Colombia is a strategically located country that connects Central and South America. In the 1960s and with the support of the School of Medicine, University of Antioquia, the first diagnostic service in medical mycology became established. Shortly thereafter, the first reported studies describing cases of histoplasmosis and the methods for its diagnosis by means of serology and histopathology were published. Studies on the skin-test reactivity to histoplasmin were carried out during the late 1960s and early 1970s, demonstrating an overall reactivity of 21% in healthy individuals residing in five different regions of the country. Years later (1978), a new medical mycology unit in charge of diagnosis and clinical research was founded in Medellín, at the Corporación para Investigaciones Biológicas (CIB). The initial clinical and therapeutic trials began in the late 1970s, through multicentric studies designed to evaluate different antifungal compounds. In the 1980s, histoplasmosis diagnoses were carried out by conventional methods: Stains, histopathology, culture, and serological tests (immunodiffusion and complement fixation). Around the same time, the HIV epidemic began in Colombia, leading to a significant increase of patients with progressive disseminated histoplasmosis (PDH) exhibiting a high mortality. Research in the mid-1990s then focused towards the development of new diagnostic methods, this time with the novel approach of detecting circulating antigens using monoclonal antibodies. Epidemiological studies were also designed to collect and analyze demographic data, risk factors, and patients’ clinical manifestations, in collaboration with the Colombian National Institute of Health (Instituto National de Salud, Bogota, Colombia). The first reports of Colombian histoplasmosis outbreaks appeared at about the same time. Histoplasmosis has thus been well known long before the arrival of the HIV epidemic. However, since histoplasmosis is not a reportable disease in Colombia, epidemiological data are scarce and the real burden of the disease is still unclear.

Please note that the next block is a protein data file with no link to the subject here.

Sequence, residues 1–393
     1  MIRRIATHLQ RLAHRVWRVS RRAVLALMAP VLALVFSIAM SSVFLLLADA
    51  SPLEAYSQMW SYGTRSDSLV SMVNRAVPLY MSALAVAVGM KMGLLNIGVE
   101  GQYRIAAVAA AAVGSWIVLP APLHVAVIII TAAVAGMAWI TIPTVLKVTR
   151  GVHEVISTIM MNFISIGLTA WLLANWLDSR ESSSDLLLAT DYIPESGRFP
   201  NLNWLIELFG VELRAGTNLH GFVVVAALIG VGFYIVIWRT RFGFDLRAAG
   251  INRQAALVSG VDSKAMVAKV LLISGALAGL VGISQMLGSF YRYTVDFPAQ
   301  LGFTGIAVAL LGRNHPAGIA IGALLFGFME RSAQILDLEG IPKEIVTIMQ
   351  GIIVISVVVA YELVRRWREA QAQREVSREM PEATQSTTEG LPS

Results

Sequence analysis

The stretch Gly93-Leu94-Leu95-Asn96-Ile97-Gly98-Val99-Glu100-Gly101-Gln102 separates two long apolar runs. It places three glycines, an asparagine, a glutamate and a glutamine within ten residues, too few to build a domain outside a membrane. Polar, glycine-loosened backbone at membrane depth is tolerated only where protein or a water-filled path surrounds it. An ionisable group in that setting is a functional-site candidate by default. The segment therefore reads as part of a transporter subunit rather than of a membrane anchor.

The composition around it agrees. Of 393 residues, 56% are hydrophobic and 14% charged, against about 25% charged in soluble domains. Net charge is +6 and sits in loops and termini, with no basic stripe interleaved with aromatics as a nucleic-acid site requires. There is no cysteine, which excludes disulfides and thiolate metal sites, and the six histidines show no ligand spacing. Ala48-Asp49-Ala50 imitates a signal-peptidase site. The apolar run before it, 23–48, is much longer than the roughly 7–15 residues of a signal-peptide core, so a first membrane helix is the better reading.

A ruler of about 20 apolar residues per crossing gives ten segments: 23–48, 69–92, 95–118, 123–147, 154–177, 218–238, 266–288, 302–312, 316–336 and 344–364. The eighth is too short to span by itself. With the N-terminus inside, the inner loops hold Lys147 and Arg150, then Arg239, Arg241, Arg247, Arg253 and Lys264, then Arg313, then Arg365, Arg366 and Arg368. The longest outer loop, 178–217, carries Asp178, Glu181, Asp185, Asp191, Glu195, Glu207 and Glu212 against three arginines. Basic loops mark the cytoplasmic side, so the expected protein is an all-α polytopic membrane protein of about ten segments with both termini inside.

From 2005 until now, with the expertise and support of other groups and colleagues, interests have been focused on the development and validation of molecular tests, and the implementation of new antigen-detection methods. Work has also focused on describing well-characterized cohorts of HIV patients with histoplasmosis and determining the particular role of co-infections with tuberculosis, which are present in approximately 50% of cases and hinder prompt diagnosis and treatment. During all these years, emphasis was placed on training medical and laboratory personnel so that they may suspect histoplasmosis and use appropriate diagnostic procedures and treatments. This strategy resulted in an increase in diagnosis, with a doubling of the number of cases per year and a reduction of mortality. Overall, in Colombia, the mycological knowledge was there when the HIV epidemic started, and it has percolated towards HIV clinicians through proactive training of clinicians and the development of diagnostic tools (Figure 1